How does it work?

Chemotherapy or radiation therapy can cause inflammation and cell death. Light therapy helps reverse this process. When absorbed by the cell, the light increases cellular metabolism and decreases inflammation.

St. Jude Nursing Research staff developed a study designed specifically for bone marrow transplant (BMT) patients.

“We developed this as a prevention, not as a treatment,” Mandrell says. “We start light therapy on the first day of admission as a preventive measure.”

 The researchers want to see whether light therapy reduces oral mucositis in children and adolescents. All study participants are getting blood stem cell transplants from matched or unmatched donors. The researchers also want to explore whether the treatment works for those who receive their own cells as part of the transplant process.

Susan Ogg, RN, of Nursing Research delivers light therapy to patient Jennings Palmer.

Preventing problems: Susan Ogg, RN, of Nursing Research delivers light therapy to patient Jennings Palmer.

Swift and painless

The daily low-level light therapy is given both inside and outside the mouth for one minute per site. The child receives treatments until engraftment of the new bone marrow occurs or for 20 days, whichever is earlier.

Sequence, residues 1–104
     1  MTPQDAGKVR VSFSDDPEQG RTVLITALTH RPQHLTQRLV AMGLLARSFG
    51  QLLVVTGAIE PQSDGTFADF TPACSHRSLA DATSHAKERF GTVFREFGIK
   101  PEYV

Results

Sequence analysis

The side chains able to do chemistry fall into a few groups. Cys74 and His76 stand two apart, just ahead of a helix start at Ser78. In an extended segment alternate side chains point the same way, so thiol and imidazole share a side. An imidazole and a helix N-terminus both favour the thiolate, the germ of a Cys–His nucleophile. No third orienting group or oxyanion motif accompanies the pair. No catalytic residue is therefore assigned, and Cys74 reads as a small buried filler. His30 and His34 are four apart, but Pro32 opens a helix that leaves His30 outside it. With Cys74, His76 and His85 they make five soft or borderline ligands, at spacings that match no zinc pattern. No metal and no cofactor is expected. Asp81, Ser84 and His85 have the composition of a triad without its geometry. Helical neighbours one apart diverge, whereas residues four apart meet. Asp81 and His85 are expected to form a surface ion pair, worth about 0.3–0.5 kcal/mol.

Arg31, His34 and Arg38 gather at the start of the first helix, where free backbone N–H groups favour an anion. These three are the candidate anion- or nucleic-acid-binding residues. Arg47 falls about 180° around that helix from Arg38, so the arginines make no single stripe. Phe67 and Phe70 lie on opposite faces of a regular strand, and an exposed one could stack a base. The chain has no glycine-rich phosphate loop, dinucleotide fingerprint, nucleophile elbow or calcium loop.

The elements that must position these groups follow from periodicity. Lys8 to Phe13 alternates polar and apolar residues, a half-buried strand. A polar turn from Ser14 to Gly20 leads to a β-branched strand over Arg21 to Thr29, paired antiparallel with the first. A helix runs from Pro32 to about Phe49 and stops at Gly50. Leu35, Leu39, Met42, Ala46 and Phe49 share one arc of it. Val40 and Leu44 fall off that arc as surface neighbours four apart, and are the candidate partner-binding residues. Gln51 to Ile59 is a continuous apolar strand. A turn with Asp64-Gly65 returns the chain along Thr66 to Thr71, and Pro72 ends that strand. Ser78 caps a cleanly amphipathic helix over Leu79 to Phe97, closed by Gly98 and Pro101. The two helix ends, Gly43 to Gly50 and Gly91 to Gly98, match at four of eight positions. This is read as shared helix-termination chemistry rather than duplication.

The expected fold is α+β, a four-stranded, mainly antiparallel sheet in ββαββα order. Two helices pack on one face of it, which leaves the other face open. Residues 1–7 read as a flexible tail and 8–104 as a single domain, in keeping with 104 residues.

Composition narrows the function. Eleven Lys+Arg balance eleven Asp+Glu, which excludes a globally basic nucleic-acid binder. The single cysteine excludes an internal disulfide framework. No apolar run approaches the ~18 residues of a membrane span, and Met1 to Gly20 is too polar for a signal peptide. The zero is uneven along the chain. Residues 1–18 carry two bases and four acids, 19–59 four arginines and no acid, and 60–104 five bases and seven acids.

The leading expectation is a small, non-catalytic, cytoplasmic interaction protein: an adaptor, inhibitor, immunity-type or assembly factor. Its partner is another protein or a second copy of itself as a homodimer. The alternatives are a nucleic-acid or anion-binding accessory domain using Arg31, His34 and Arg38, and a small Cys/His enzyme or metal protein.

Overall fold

Patients can watch TV, read or play games during the light therapy.

“So much of cancer treatment may cause discomfort or pain,” Pritchard says. “This doesn’t cause pain. It’s like a flashlight on their cheek.”

Older patients may hold the light probe themselves, taking an active part in their own therapy.

“It’s reassuring to caregivers that this can be a passive treatment for their children, especially if they’re not feeling well,” Pritchard says.

For those who are school age and older, the light therapy may be given using a probe that resembles a lollipop that can be held in the mouth. Small dental light probes may be used under their tongue or along the gum line.